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The Great Escape

The Great Escape: Health, Wealth, and the Origins of Inequality

Copyright Date: 2013
Pages: 392
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  • Book Info
    The Great Escape
    Book Description:

    The world is a better place than it used to be. People are wealthier and healthier, and live longer lives. Yet the escapes from destitution by so many have left gaping inequalities between people and between nations. In The Great Escape, Angus Deaton--one of the foremost experts on economic development and on poverty--tells the remarkable story of how, starting 250 years ago, some parts of the world began to experience sustained progress, opening up gaps and setting the stage for today's hugely unequal world. Deaton takes an in-depth look at the historical and ongoing patterns behind the health and wealth of nations, and he addresses what needs to be done to help those left behind.

    Deaton describes vast innovations and wrenching setbacks: the successes of antibiotics, pest control, vaccinations, and clean water on the one hand, and disastrous famines and the HIV/AIDS epidemic on the other. He examines the United States, a nation that has prospered but is today experiencing slower growth and increasing inequality. He also considers how economic growth in India and China has improved the lives of more than a billion people. Deaton argues that international aid has been ineffective and even harmful. He suggests alternative efforts--including reforming incentives to drug companies and lifting trade restrictions--that will allow the developing world to bring about its own Great Escape.

    Demonstrating how changes in health and living standards have transformed our lives, The Great Escape is a powerful guide to addressing the well-being of all nations.

    eISBN: 978-1-4008-4796-9
    Subjects: Economics, Business, Law, Political Science, History

Table of Contents

  1. INTRODUCTION: What This Book Is About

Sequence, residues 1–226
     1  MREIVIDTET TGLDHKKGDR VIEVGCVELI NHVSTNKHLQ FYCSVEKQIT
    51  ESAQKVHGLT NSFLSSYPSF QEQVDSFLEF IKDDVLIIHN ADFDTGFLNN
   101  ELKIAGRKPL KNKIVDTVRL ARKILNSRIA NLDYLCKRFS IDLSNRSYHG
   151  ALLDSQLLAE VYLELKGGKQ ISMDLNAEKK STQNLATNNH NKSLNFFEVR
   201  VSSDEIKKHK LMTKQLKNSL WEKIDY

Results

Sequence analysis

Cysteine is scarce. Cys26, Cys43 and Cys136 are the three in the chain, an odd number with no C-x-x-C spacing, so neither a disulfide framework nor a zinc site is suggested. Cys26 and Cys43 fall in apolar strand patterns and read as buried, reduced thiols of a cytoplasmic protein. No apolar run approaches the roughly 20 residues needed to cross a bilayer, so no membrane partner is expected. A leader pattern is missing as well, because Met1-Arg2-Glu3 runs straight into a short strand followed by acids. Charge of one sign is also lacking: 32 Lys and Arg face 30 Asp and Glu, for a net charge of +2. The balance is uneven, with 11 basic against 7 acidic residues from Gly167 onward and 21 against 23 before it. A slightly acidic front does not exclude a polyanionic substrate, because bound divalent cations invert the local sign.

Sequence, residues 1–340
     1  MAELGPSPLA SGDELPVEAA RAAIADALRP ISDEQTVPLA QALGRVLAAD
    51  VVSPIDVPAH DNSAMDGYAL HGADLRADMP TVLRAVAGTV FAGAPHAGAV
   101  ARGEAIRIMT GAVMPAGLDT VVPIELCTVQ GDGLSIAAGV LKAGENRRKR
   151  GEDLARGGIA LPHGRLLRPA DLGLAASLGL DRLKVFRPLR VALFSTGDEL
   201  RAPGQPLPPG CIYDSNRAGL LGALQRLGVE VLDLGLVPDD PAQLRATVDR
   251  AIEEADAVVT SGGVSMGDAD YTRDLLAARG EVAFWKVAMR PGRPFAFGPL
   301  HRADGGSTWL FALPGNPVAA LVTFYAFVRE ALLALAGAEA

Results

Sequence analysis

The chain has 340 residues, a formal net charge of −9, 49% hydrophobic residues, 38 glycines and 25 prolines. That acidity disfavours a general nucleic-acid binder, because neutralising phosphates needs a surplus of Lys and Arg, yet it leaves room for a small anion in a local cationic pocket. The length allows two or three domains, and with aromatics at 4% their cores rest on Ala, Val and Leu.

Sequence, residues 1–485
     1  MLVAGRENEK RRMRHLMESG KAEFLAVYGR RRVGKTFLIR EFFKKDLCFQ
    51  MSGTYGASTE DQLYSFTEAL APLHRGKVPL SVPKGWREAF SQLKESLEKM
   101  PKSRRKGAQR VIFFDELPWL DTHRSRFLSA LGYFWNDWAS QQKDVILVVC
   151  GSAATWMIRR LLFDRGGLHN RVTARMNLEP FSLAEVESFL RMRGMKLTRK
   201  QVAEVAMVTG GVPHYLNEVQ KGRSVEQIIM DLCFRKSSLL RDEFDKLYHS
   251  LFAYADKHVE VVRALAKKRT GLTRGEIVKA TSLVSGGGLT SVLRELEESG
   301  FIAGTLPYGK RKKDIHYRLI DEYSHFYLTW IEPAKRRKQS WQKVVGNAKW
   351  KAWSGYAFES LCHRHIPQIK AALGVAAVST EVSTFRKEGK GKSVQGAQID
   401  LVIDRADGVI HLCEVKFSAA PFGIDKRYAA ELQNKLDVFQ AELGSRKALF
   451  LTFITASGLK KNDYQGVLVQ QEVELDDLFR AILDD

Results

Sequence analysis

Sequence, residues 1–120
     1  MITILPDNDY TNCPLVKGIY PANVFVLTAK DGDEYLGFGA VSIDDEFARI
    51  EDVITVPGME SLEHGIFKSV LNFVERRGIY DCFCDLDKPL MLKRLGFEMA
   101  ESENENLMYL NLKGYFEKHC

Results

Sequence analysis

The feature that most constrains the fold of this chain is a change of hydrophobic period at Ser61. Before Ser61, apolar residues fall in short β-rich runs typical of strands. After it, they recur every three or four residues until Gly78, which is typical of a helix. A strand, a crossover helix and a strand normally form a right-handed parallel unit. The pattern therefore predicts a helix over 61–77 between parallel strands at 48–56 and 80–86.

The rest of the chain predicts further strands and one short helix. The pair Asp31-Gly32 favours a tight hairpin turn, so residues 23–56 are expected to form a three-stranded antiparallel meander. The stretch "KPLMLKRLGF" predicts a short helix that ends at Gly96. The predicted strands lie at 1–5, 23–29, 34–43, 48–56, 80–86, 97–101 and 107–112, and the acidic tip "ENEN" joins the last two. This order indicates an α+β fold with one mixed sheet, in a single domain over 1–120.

(pp. 1-22)

    LIFE IS BETTER NOW than at almost any time in history. More people are richer and fewer people live in dire poverty. Lives are longer and parents no longer routinely watch a quarter of their children die. Yet millions still experience the horrors of destitution and of premature death. The world is hugely unequal.

    Inequality is often a consequence of progress. Not everyone gets rich at the same time, and not everyone gets immediate access to the latest life-saving measures, whether access to clean water, to vaccines, or to new drugs for preventing heart disease. Inequalities in turn affect progress....

  2. ONE The Wellbeing of the World
    (pp. 23-56)

    THE GREATEST ESCAPE in human history is the escape from poverty and death. For thousands of years, those who were lucky enough to escape death in childhood faced years of grinding poverty. Building on the Enlightenment, the Industrial Revolution, and the germ theory of disease, living standards have increased by many times, life spans have more than doubled, and people live fuller and better lives than ever before. The process is still going on. My father lived twice as long as either of my grandfathers; his real income as a civil engineer was many times the income of his father,...


    • TWO From Prehistory to 1945
      (pp. 59-100)

      THE WORLD IS A HEALTHIER PLACE now than at almost any time in the past. People live longer, they are taller and stronger, and their children are less likely to be sick or to die. Better health makes life better in and of itself, and it allows us to do more with our lives, to work more effectively, to earn more, to spend more time learning, and to enjoy more and better time with our families and friends. Health is not a single quantity like temperature; someone might have terrific eyesight but poor physical stamina, or might live for many...